In Monday's post about second-half storylines and specifically this week's NBA trading deadline, there was brief mention about the Wizards rumored interest in Atlanta's Josh Smith. The rumor mill put out a list of possible destinations for the 27-year-old forward and Washington was on it. Google "Josh Smith rumors" and you will so were plenty of other teams.
Overnight slightly more specificity came regarding the Wizards and Hawks engaging in a trade. ESPN's Chris Broussard tweeted out the following:
— Chris Broussard (@Chris_Broussard) February 19, 2013
Sounds intriguing, especially if you are in the camp that believes the Wizards must make an aggressive move, like right now. Obviously there are more rumors than actual finalized trades and seemingly a quarter of the league is on the verge of adding the All-Star level talent who has never been selected as an All-Star.
Here are some reasons why the idea of Smith landing in the Nation's Capital before Thursday's 3 p.m. trade deadline is both curious and perhaps not ideal.
*The tone of Broussard's tweet makes it sound like the Wizards are aggressively interested in acquiring Smith. Eh, if you eliminate Wall, Beal and Nene, sounds more as if they would take Smith if the Hawks turn desperate. Granted, this headline - "Hawks seem determined to deal Josh Smith"- makes it sound like they are, which is the bigger picture. More than any other player in the league, the upcoming free agent tops the most likely to get traded list. It's just hard imagining another team not being able to top any Wizards offer if they remove their three most interesting players.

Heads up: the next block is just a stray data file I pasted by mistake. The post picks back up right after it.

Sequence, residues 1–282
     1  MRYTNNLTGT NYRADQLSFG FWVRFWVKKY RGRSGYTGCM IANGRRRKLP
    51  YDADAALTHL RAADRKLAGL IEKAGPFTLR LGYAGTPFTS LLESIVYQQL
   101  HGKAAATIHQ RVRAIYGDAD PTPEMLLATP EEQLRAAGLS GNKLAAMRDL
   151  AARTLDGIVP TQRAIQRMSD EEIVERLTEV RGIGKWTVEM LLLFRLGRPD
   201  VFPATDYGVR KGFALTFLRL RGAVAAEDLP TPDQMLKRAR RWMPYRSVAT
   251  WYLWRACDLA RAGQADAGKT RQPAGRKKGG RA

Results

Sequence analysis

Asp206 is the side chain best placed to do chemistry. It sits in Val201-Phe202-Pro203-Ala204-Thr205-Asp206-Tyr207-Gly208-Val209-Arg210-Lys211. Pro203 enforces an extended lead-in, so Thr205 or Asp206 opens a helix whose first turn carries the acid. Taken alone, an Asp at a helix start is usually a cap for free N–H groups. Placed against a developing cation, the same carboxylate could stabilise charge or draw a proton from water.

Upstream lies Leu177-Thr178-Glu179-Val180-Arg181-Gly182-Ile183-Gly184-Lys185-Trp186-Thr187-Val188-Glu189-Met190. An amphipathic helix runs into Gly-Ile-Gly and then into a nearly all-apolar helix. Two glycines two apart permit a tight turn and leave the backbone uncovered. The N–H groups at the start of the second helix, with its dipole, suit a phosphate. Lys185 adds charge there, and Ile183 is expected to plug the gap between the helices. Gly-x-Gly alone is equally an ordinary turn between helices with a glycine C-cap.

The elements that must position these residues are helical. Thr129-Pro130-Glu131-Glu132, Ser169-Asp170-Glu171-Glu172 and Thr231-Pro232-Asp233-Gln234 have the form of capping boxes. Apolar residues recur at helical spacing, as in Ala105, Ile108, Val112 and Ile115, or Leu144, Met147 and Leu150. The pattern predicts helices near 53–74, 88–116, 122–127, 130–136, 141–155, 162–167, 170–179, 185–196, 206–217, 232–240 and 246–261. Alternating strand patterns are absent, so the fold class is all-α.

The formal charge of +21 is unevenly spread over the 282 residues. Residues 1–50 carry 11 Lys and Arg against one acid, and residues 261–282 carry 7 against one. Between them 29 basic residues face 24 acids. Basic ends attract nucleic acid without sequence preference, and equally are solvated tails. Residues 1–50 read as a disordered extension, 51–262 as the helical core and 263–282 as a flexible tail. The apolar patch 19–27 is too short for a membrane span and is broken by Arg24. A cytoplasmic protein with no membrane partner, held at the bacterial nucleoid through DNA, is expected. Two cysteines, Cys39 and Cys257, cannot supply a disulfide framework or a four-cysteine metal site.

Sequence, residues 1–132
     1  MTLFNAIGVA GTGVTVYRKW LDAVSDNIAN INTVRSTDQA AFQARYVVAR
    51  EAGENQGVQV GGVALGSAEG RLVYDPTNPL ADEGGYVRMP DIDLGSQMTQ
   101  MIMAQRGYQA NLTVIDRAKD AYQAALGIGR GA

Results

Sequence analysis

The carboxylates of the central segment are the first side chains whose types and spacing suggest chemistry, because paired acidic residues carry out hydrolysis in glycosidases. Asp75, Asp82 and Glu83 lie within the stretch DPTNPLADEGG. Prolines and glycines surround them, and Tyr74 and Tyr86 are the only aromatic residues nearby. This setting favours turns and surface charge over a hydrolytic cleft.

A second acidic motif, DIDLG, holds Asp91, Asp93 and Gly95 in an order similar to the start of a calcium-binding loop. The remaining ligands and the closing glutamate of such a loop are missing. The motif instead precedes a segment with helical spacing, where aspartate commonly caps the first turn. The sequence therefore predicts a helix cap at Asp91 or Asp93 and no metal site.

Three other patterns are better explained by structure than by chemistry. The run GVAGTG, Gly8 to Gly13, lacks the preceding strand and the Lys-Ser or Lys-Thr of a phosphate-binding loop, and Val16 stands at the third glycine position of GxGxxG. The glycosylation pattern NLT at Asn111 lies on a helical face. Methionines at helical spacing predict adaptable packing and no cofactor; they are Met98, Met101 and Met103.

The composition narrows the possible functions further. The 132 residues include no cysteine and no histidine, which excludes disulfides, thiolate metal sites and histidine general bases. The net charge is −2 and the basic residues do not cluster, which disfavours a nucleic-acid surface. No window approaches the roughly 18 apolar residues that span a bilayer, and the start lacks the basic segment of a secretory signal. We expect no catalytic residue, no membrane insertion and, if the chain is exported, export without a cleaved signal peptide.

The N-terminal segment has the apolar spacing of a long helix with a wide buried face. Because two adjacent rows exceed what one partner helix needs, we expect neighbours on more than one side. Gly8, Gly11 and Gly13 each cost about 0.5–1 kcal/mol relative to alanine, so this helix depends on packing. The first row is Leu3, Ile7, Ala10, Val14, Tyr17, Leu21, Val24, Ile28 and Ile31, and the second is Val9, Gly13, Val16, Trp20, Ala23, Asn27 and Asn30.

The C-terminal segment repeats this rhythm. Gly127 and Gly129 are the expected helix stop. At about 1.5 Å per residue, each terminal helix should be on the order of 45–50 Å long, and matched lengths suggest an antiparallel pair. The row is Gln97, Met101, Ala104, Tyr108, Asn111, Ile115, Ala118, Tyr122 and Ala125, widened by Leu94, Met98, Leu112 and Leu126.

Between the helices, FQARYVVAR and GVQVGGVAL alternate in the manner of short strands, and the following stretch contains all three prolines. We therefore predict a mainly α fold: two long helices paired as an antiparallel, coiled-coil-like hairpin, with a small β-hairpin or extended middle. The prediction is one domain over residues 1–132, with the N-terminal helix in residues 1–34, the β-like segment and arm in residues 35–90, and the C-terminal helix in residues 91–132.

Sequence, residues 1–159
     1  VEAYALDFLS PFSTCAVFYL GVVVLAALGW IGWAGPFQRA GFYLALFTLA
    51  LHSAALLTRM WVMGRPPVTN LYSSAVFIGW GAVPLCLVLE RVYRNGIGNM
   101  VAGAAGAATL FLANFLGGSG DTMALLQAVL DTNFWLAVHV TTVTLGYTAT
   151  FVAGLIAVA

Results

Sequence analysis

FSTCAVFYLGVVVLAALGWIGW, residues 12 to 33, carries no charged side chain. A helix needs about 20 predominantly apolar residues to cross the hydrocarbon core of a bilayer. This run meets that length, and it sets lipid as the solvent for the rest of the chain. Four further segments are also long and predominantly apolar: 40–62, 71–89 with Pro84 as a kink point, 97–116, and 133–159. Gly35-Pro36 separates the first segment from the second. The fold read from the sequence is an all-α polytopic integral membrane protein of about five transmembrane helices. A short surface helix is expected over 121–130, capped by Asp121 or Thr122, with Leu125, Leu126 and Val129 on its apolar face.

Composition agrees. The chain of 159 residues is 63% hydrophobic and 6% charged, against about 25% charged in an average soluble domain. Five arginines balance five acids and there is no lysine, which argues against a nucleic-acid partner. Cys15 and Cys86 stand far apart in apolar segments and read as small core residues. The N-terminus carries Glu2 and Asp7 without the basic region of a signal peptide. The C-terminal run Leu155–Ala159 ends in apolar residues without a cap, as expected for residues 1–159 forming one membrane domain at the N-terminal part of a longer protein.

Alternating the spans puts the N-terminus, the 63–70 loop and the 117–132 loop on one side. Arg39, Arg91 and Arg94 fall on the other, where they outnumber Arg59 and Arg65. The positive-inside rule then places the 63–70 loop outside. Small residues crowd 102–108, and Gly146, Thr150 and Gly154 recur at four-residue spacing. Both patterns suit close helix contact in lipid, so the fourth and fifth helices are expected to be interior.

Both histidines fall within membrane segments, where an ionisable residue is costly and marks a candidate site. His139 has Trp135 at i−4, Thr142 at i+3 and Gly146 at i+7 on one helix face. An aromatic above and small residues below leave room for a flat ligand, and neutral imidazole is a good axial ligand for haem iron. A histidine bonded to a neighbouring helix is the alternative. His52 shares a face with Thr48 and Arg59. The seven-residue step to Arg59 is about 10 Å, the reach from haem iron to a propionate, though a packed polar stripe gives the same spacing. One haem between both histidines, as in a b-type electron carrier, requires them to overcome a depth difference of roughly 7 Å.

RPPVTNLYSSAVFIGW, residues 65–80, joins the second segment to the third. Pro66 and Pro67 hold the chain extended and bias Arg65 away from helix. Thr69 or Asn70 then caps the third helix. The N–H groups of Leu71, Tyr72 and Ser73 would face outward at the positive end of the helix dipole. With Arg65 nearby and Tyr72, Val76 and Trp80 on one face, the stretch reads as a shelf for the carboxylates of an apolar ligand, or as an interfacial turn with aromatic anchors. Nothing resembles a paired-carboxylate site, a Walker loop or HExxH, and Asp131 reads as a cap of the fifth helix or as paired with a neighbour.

*Ah, free agency, the ultimate reason why the Eastern Conference contending Hawks are open to moving one of their core pieces. Smith is set to hit the open market this season. According to SBNation's Tom Ziller, based on Smith's time in the league, he is eligible for a 5-year contract worth $97.5 million (Ziller notes that the total cost could come down some based on the new collective bargaining agreement, but not by much).
So not only would a trade cost the Wizards players, they would also have to fork over a massive contract. Seeing as Wall is eligible for a contract extension this summer, it seems unlikely management would want to take on another major financial discussion - and for another player not all are convinced is a "franchise" talent.
*Then there is the on-court fit. The springy Smith, who is averaging 17.4 points, 8.6 rebounds and 2.1 blocks this season, does indeed post the type of numbers fantasy owners love. He also makes enough head-scratching decisions that turn coach's hair gray. Shot selection is not always the ball-dominant forward's strong suit. The high-riser loves roaming on defense for the next block attempt.
Over the last month Randy Wittman has the Wizards playing as a cohesive unit. Playing in his ninth season, seems unlikely Smith suddenly changes his freewheeling ways.
If the Wizards are to make a notable move, adding a go-to scorer and preferably one that plays small forward is ideal. Smith produces points, but primarily in the open court, at the rim or from launching 3-pointers. The power forward is not the type of one-on-one scorer with an array of moves a team confidently hands the ball to in the final minutes and says get us a bucket.
No doubt the Wizards are much improved compared to their horrendous start, but they remain far removed from landing a playoff berth this season. Unless they believe otherwise or are set on handing Smith a major contract, hard to fathom why this deal goes down.